Readiness? Readiness.

CapAndDiplomaSome educators are concerned that the measures that are purported to express college and career readiness do not, in fact, have much to do with college and career readiness at all. In our state, New York, the definition of college and career readiness is defined as earning an 80% on a math Regents and a 75% on the ELA Regents. Scores on a couple of state assessments do little to illuminate a student’s readiness for college and career, as we know well. Other measures, other than tested English Language Arts and mathematics test scores, tell us far more about a student’s readiness. We know that employers are looking for the four Cs: Critical thinking and problem solving, effective communication, collaboration and, creativity and innovation. We also know that character traits such as self-direction, persistence, confidence, responsibility, and efficacy have more than a little bit to do with readiness. Yet, we do not assess these skills and attributes, even though they tell us far more about readiness than just two Regents scores. Continue reading

Responsive Classroom® and the New York Teaching Standard 2

A blog series: Part 2 of 7
Standard 2: Knowledge of Content and Instructional Planning

LearningThroughAcademicChoiceIn the last OCM-RC Blog we looked at the connection with NYS Teaching Standard 1, the knowledge of students and student learning with the Responsive Classroom® approach.  In this second blog of seven we will focus those same connections with Responsive Classroom on standard 2: The Knowledge of Content and Instructional practices.

A Responsive Classroom teachers pay special attention to the content they teach and purposefully plan their instruction so that learning is engaging to their students. They take great care to scaffold the skills and knowledge needed by their students and design differentiated learning experiences for them.  When a teacher knows their content well, they can take their instruction to multifaceted levels (ST 2.1). Continue reading

Behavior

FishBehavior, it happens every minute of every day.  When we observe appropriate behavior, we smile and feel good about what we see.  However, when we observe inappropriate behavior we often feel frustrated or even angry, especially when the inappropriate behavior occurs in the classroom and disrupts learning.  When we see appropriate behavior, do we always acknowledge the person engaged in that behavior?  I bet the majority of us do not.  However, when inappropriate behavior occurs, my guess is that most of us do respond to that. Continue reading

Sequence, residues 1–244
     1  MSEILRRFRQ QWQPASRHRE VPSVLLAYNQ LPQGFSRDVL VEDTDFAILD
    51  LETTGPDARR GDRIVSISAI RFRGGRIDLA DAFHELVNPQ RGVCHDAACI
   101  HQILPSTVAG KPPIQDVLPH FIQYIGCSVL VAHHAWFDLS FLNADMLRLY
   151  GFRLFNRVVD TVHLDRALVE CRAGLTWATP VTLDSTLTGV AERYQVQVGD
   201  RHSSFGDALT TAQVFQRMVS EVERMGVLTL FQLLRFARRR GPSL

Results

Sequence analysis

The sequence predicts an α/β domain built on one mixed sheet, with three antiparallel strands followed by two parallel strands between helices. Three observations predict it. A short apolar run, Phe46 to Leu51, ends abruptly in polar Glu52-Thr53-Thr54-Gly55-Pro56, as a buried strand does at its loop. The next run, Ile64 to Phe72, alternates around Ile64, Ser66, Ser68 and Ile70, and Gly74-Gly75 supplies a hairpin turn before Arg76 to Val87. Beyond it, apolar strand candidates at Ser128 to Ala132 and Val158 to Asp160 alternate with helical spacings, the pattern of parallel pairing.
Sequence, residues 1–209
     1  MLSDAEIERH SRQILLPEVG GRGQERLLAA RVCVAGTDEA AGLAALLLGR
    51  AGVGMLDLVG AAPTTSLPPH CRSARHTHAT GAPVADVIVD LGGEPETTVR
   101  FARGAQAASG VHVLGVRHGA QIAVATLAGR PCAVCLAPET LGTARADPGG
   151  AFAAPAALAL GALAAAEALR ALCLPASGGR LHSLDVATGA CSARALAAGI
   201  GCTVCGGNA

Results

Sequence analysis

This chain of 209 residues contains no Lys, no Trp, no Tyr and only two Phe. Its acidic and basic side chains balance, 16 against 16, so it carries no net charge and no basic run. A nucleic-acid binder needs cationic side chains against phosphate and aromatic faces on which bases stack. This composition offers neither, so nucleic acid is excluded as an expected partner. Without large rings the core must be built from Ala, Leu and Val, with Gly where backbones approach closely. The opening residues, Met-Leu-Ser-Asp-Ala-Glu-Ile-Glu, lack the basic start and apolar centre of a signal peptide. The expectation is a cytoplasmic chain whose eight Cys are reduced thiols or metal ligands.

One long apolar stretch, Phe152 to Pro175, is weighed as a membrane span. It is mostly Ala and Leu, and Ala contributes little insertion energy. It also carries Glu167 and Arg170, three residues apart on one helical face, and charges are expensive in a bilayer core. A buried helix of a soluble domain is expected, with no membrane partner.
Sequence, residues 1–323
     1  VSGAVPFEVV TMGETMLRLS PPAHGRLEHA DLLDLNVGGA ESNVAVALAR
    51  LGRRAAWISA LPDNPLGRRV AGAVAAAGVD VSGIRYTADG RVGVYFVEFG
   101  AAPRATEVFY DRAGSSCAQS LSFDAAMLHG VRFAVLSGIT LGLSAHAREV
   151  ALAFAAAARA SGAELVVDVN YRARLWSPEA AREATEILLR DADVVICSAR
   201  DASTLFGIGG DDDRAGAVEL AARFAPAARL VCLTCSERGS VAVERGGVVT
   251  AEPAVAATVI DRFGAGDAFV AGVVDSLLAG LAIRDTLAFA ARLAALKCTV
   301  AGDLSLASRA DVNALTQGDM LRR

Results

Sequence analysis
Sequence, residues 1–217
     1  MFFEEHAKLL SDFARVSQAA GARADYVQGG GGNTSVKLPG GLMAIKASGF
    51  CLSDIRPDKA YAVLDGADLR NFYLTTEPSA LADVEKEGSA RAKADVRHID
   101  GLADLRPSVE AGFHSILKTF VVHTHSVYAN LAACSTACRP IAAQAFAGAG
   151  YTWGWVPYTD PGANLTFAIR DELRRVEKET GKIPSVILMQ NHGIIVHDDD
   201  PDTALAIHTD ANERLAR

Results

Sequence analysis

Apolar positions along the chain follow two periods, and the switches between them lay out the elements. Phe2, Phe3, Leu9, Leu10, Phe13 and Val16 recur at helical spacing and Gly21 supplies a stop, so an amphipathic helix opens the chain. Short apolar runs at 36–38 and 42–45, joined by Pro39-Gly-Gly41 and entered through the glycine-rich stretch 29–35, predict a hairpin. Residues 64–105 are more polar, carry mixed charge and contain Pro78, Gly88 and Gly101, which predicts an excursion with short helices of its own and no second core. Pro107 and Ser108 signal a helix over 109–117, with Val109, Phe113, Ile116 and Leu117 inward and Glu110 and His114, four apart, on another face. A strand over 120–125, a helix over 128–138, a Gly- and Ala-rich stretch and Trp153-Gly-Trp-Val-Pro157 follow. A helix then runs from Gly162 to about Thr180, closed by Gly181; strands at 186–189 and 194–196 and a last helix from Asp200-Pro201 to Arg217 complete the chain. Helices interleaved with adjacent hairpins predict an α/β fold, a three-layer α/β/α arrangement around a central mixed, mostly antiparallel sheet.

Historical Thinking = Prego Sauce (It’s in there!)

BodyWork2I’ve been spending a lot of time lately working with Career and Technical Education Teachers and the Standards for Literacy in the Common Core Learning Standards.  Initially teachers find it challenging to relate literacy standards to their instruction in Auto Collision or Welding or Culinary Arts.  Then they begin to see that the reading and writing skills outlined in the standards support their students to build their knowledge and skill about Auto Collision or Welding or Culinary Arts.  For content area teachers, the point is not to have students reading and writing about Moby Dick (as one content area teacher asked me).  The point is to have students reading and writing about using adhesive bonding procedures or oxyfuel cutting principles or establishing mise en place.  Reading and writing about these concepts is how students learn about the “stuff” of Auto Collision or Welding or Culinary Arts.  It’s an essential part of the process of teaching and learning the content, not a separate piece or an add-on. Continue reading

I Live by These Three Principles…

Photo credit: http://www.npr.org/

Have you ever read a book where the author says…”I live by these three principles,” and you begin to wonder if this could be the core of your next Blog for work?  I’m sure many of us have these thoughts, correct?  Well, here are the 3 principles that I believe can assist us in our communications with one another.  First, “Say YES:”  when you are asked to help with something at school, when a student asks for time to talk, and when your frazzled supervisor looks like he/she needs a little boost.  “Say YES!”  Secondly, “Make Statements.”  Be confident in your answer, and demonstrate that you have the knowledge and expertise that will assist everyone in this situation.  “Make Statements.”  Thirdly, “There are no mistakes, just opportunities!”  Continue reading

Choosing Expectations

Kids-runningI found a column written by Cynthia Tucker this summer to be thought provoking.  The gist of the column was that kids don’t pick their parents and as research repeatedly demonstrates poverty levels have considerable impact on student outcomes.   “…new barriers have cropped up to limit the futures of children born to poor or working-class parent, whether they are black, white or brown.  A globalized economy and technological breakthroughs have conspired to abolish the good-paying jobs that used to be available to workers with high school diplomas or less.”  The article concludes by saying it is rare that a person’s  “achievement stretches far beyond the foundation he was given in his childhood” and that “the United States has the resources to pour money into giving less-affluent children a rich educational foundation –from early childhood.” Continue reading